New life for Madrid’s Chueca neighbourhood, dancing in a hotel basement and autumn colours in Perthshire
Take me there: Chueca, Madrid
It may feel a little rough around the edges, but Chueca is one of Madrid’s most exciting and creative neighbourhoods, thanks largely to its adoption by the city’s gay community. A new boutique hotel, fab food market and dozens of cafés, independent boutiques and bookshops are breathing new life into the once down-at-heel streets north of the Gran Via.
What to do
The area around Plaza de Chueca and Calle Augusto Figueroa is shopping nirvana. Design store Do (Calle de Fernando VI, 13) and Lotta Vintage, a treasure trove of retro clothing (Calle de Hernán Cortés, 9), are both worth a detour. The pavement cafés around Plaza Vázquez de Mella offer some of the best people-watching in the city.
Where to stay
Only You hotel has just opened in a converted 19th-century townhouse on Calle Barquillo offering 70 contemporary bedrooms and a lively lounge bar which will host art, music and gastronomic happenings (from €110, onlyyouhotels.com).
Where to eat
The recently refurbished Mercado de San Antón (mercadosananton.com) is a great spot for lunch, with food stalls dishing up everything from sushi to gourmet burgers. Noisy, smoky, chaotic, El Tigre serves some of the best free tapas in the city and is the place to rub shoulders (quite literally) with the locals (Calle de las Infantas, 30).
For city views and cheap cocktails, Jerome Apolda, a columnist for the English-language mag InMadrid (inmadrid.com), recommends the roof terrace at the new Gymage Lounge Resort (gymage.es): “Lounge on the fake grass or on a bed while sipping a tinto de verano. Unlike most terraces, which charge you to get in, this one is free.”
Nightclub in the basement: Why I won’t be dancing at the capital’s cool new hotel
The recent opening of the London Edition (editionhotels.com), is the result of an unlikely collaboration between Ian Schrager, godfather of the boutique hotel, and mega-chain Marriott. And if it has shown us one thing, it’s this: it’s no longer enough for a hotel to offer just a place to sleep. It has to be an event, a destination, a hub. Or, as the press release puts it, “a cultural epicentre and… a portal into the essence of the city”.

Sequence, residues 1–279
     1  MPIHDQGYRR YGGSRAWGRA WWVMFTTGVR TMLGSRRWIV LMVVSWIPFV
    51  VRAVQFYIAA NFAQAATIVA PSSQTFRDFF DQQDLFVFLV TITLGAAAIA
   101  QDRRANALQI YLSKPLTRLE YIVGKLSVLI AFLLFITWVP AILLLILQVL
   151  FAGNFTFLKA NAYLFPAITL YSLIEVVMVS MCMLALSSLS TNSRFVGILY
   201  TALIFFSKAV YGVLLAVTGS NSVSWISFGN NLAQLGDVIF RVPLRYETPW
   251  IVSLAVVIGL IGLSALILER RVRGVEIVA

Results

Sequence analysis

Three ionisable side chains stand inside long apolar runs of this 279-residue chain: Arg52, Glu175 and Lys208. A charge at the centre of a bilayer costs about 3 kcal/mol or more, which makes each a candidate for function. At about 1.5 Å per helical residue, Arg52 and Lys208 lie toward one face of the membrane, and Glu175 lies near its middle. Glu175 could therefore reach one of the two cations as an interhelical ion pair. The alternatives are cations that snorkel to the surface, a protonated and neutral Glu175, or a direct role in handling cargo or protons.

Hotel nightclubs used to be the epitome of naff, a place where jetlagged tourists and businessmen on expenses would go to drink overpriced cocktails. But these days no hostel or boutique hotel worth its salt will open without a cool lounge-bar offering DJ nights and cultural “happenings”. It’s a formula which has been rolled out with great success by French budget chain Mama Shelter (mamashelter.com) and is being mimicked from Berlin to Barcelona.
If anyone can create a buzz around a new hotel and nightclub, Schrager, founder of Studio 54, can. But as a hotel guest, a nightclub comes quite far down the list of things I’m looking for when I check in. Surely half the fun of staying in a new city is wandering out into the night, not quite knowing where you’re going to end up. If I want to take the pulse of a city, to mix with the locals, to find – as the Edition’s publicity blurb will have it – “a new kind of gathering place”, then the last place I’m going to look for it is in a hotel basement.
Spectacular autumn colours? Head for… Perthshire
Loch Tay Highland Lodges
A perfect base for an active break. Try archery, kayaking or mountain biking, or hire a boat to fish on the loch. Accommodation includes yurts, cabins and new wooden wigwams among the trees. TV, fridge, kettle and microwave are supplied and there’s a kitchen and shower block (but bring your own bedding, crockery and cutlery).
£20 per adult per night; £10 per child (lochtay-vacations.co.uk)
Bay Tree Cottage, near Dunkeld
The owner of this charming stone-built cottage in a lovely village works in interior design, and it shows, from the tasteful but cosy sitting rooms with open fires to the country-style kitchen with slate floors and the two pretty bedrooms upstairs. The garden, with heated summerhouse, backs on to forest, with miles of woodland walking trails from your back door. Sleeps four.
From £55 per night (unique-cottages.co.uk)
Barley Bree, Muthill
A little corner of France, this family-run establishment is garnering awards (Scottish Restaurant Awards 2013) for its Gallic cuisine served up by owner-chef Fabrice Bouteloup. Dine on wood pigeon breast, beef bourguignon and mash and tarte tatin in the cosy restaurant with its stone walls and log fire before sleeping it off in one of the six simple but elegant bedrooms.
Doubles from £105 (barleybree.com)
Fonab Castle Hotel, near Pitlochry
Perthshire has no shortage of grand baronial boltholes, but this new hotel raises the bar for luxury and style. Built in the 19th century by the Sandeman family, the house is a cosseting retreat overlooking Loch Faskally, with two restaurants and an impressive cellar. State-of-the-art kennels ensure dogs get five-star treatment, too.
Rooms from £170 – special introductory rate (fonabcastlehotel.com)
Link to article: feeds.theguardian.com/c/34708/f/663875/s/321a749b/sc/10/l/0L0Stheguardian0N0Ctravel0C20A130Coct0C0A60Cmadrid0Elondon0Ehotel0Ebasement0Enightclub0Eperthshire/story01.htm